3.9 School governance

School governance has been identified as a crucial factor in both teacher motivation (and therefore teacher morale, performance and retention) and learner performance and education outcomes (Hightower et al., 2011; UNESCO, 2014a). Examples of the consequences of poor school governance impacting negatively on learners include: teacher absenteeism and poor time-keeping; teachers offering uncontrolled private tuition as an alternative to carrying out their basic teaching duties, in order to supplement their income; and gender-based violence and other unprofessional behaviours. The 2013/14 EFA Global Monitoring Report reinforces the integration between school governance and the other teacher management dimensions presented in this chapter by identifying four strategies to improve governance: attract the best teachers; improve teacher education so all children can learn; get teachers where they are most needed; and provide incentives to retain the best teachers (UNESCO, 2014a: 266). Other keys to promoting governance include training school leadership and other stakeholders and holding them responsible for playing their roles effectively, and ensuring all those evolved in establishing and maintaining the material and cultural school environment recognize the key function this plays in promoting effective teaching and learning.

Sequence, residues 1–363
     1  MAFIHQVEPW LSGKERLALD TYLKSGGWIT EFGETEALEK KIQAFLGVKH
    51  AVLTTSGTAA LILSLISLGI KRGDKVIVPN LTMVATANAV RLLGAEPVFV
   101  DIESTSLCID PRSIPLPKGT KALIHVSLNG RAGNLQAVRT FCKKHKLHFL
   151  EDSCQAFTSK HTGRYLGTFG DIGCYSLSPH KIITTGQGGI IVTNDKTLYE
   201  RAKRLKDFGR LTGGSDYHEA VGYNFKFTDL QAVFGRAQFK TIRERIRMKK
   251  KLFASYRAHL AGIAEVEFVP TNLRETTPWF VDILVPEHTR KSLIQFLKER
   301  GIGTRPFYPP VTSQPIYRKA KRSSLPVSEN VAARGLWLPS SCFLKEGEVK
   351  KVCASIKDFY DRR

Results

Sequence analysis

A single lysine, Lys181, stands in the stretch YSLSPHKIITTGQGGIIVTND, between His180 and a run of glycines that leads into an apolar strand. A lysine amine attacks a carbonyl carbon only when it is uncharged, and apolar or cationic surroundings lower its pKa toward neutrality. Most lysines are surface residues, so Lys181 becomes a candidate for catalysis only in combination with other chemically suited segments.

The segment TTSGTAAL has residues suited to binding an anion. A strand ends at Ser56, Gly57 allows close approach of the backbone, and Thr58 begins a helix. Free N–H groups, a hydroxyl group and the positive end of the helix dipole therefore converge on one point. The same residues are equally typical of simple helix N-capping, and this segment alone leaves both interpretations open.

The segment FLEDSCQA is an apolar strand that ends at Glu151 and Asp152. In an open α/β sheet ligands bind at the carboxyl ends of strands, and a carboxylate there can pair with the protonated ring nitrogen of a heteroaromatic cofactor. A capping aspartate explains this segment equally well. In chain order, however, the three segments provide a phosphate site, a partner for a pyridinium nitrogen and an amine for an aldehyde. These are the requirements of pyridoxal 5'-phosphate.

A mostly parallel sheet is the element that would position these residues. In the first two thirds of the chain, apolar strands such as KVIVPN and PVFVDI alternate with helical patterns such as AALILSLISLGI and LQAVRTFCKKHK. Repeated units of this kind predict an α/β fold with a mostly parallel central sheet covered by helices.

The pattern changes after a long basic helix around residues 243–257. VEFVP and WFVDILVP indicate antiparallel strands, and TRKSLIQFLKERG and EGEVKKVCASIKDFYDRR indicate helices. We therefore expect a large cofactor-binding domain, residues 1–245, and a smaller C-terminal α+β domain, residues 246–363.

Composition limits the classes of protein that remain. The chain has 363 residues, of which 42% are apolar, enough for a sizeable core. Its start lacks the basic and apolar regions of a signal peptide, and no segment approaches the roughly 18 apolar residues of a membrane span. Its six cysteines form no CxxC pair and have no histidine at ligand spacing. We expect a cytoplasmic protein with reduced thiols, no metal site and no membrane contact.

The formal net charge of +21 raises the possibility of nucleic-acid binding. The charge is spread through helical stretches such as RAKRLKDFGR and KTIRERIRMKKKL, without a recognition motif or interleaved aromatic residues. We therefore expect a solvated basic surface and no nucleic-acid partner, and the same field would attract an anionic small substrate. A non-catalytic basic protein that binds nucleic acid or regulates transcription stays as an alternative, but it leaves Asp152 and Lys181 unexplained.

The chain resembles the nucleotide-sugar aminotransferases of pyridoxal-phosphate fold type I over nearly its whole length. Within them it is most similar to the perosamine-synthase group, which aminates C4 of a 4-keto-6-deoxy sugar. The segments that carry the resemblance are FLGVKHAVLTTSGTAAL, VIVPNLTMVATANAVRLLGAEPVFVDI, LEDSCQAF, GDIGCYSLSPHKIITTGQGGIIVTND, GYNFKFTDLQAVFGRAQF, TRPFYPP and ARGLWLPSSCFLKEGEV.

3.8.4 Quality assurance

3.9.1 School leadership